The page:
Have you ever sat there in the middle of watching a movie and wondered whether it was going to end well? Are they going to escape from the bad guys? Is the guy going to get the girl? Will the team win? Is someone going to die? Sometimes I think of my life in that way. I think of the twists and turns, and in the middle of it all, I wonder, “How is this going to end?!” or “How could this be happening?!” or “It’s not supposed to be like this!”. When it comes down to it, I find myself perplexed by life, and too often it leads me to despair. Despair is not what God wants for me in my suffering.
2 Cor 4: 7-18 “But we have this treasure in jars of clay, to show that the surpassing power belongs to God and not to us. We are afflicted in every way, but not crushed; perplexed, but not driven to despair; persecuted, but not forsaken; struck down, but not destroyed; always carrying in the body the death of Jesus, so that the life of Jesus may also be manifested in our bodies. For we who live are always being given over to death for Jesus’ sake, so that the life of Jesus also may be manifested in our mortal flesh. So death is at work in us, but life in you. Since we have the same spirit of faith according to what has been written, "I believed, and so I spoke," we also believe, and so we also speak, knowing that he who raised the Lord Jesus will raise us also with Jesus and bring us with you into his presence. For it is all for your sake, so that as grace extends to more and more people it may increase thanksgiving, to the glory of God. So we do not lose heart. Though our outer self is wasting away, our inner self is being renewed day by day. For this light momentary affliction is preparing for us an eternal weight of glory beyond all comparison, as we look not to the things that are seen but to the things that are unseen. For the things that are seen are transient, but the things that are unseen are eternal.”
Paul calls his suffering a “light momentary affliction”. That is an interesting description for what Paul went through in his life- beaten, falsely imprisoned, exiled, afflicted with health problems, falsely accused, mocked, and betrayed by friends. However, Paul compared his suffering to the “eternal weight of glory beyond all comparison”. Instead of keeping his eyes focused on the problems of his life, Paul looked to the “things that are unseen” recognizing that “the things that are seen are transient, but the things that are unseen are eternal”. A friend of mine once told me that she thinks of the knot in her stomach at the onset of anxiety as being a signal pain- a reminder that she has taken her eyes off of what is unseen and has instead put her eyes on what is seen, or the problems of life. Paul did not despair because he had an eternal view of his life. He had faith. Hebrews tells us:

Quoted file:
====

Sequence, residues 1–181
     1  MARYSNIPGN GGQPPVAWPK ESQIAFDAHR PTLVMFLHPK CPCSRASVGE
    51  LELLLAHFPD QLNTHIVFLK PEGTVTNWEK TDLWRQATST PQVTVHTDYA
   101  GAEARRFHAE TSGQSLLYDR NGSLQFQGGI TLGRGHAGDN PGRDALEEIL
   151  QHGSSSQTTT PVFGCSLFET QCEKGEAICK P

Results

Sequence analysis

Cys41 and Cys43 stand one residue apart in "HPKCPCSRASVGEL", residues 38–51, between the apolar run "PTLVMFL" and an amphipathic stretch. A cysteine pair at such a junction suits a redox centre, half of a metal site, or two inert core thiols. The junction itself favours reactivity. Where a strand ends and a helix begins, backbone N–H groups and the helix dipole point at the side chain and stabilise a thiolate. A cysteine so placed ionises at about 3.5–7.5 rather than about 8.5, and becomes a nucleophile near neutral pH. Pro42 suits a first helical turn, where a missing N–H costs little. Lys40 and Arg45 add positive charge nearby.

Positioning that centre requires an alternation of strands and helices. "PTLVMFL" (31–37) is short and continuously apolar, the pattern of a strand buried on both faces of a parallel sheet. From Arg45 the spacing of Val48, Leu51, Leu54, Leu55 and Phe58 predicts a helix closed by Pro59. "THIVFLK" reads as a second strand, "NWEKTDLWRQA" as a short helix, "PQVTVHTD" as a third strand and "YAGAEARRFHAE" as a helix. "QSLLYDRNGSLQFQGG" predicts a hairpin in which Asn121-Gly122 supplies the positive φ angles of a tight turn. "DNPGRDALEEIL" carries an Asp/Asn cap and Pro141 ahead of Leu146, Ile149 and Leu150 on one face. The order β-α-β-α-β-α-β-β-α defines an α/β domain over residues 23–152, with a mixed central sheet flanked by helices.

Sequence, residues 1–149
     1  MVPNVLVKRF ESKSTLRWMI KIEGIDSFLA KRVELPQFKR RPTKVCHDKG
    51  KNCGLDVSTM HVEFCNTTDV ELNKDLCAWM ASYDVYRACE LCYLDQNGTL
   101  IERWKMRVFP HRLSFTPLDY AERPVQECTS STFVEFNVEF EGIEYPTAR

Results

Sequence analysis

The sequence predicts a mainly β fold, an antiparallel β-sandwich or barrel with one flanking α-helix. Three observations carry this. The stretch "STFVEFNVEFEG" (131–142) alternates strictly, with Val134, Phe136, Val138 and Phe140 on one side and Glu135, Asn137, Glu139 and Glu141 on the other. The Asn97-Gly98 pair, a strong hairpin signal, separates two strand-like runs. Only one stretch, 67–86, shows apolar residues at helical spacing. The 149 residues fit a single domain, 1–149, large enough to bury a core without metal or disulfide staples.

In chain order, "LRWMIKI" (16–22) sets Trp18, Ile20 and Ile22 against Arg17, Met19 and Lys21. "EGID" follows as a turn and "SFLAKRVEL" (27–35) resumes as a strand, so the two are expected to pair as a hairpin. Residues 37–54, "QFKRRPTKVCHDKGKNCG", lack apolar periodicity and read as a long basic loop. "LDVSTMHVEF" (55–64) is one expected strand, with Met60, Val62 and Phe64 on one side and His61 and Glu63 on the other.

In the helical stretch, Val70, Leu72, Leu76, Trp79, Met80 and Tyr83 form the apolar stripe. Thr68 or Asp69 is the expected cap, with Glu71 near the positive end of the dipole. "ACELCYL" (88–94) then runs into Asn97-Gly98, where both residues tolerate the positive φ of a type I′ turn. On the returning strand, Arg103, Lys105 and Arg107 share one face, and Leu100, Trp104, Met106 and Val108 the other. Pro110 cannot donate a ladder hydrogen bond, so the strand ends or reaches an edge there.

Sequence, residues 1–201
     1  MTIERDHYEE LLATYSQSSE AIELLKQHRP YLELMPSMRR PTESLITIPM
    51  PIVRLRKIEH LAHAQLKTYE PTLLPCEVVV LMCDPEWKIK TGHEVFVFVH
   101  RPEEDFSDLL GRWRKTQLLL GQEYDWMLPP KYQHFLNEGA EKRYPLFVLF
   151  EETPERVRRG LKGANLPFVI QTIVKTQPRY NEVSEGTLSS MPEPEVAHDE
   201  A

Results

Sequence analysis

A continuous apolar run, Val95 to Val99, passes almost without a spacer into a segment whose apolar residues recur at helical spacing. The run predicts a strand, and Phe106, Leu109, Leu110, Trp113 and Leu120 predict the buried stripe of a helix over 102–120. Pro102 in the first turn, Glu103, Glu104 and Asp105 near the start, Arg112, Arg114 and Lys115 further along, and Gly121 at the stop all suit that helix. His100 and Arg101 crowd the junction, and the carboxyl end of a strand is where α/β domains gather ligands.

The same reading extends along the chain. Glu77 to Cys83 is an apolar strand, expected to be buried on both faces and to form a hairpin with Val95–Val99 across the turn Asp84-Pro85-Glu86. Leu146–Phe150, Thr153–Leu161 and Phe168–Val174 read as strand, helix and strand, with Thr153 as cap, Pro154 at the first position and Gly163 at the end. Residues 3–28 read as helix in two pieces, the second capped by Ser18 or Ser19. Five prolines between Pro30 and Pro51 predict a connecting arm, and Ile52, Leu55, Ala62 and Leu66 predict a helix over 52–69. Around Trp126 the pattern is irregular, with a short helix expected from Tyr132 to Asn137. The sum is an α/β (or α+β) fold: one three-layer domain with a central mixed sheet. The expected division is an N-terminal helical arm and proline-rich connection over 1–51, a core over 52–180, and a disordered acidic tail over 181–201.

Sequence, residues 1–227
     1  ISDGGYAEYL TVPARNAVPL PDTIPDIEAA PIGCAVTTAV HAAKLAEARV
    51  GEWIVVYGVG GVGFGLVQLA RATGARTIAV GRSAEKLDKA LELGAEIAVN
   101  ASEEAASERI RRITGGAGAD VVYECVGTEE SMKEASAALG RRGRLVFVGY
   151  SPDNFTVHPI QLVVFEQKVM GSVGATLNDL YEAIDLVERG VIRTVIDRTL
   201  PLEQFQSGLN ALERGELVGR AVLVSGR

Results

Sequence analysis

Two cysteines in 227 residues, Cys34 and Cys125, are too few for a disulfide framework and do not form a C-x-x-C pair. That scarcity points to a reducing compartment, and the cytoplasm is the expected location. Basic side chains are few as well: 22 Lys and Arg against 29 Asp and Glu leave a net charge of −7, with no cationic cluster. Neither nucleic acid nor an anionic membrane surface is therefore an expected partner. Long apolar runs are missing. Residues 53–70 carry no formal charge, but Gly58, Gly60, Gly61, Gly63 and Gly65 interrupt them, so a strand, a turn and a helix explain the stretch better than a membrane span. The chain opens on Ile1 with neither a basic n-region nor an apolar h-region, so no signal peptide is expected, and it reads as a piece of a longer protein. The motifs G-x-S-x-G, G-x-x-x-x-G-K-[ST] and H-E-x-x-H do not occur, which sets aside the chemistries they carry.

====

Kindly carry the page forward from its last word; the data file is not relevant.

Hebrews 11: 1 Now faith is the assurance of things hoped for, the conviction of things not seen.
In what did Paul hope or have faith? What was the eternal weight of glory about which Paul spoke? Paul tells the Corinthians in verse 14 that it is “knowing that he who raised the Lord Jesus will raise us also with Jesus and bring us with you into his presence.” My despair is so short-sighted. I forget that I have tasted and have seen that the Lord is good. I forget that I have experienced His goodness here on earth and nothing else compares. I forget that I already know the final act in the story of my life- it will be a life in perfect communion with God Almighty- Father, Son, and Holy Spirit! I pray that even right this moment as I struggle against despair in suffering that I would remember this eternal weight of glory, which is being increasingly in the presence of the Lord- the beauty of whom far overshadows…. everything.
Psalm 27:4 One thing have I asked of the LORD, that will I seek after: that I may dwell in the house of the LORD all the days of my life, to gaze upon the beauty of the LORD and to inquire in his temple.
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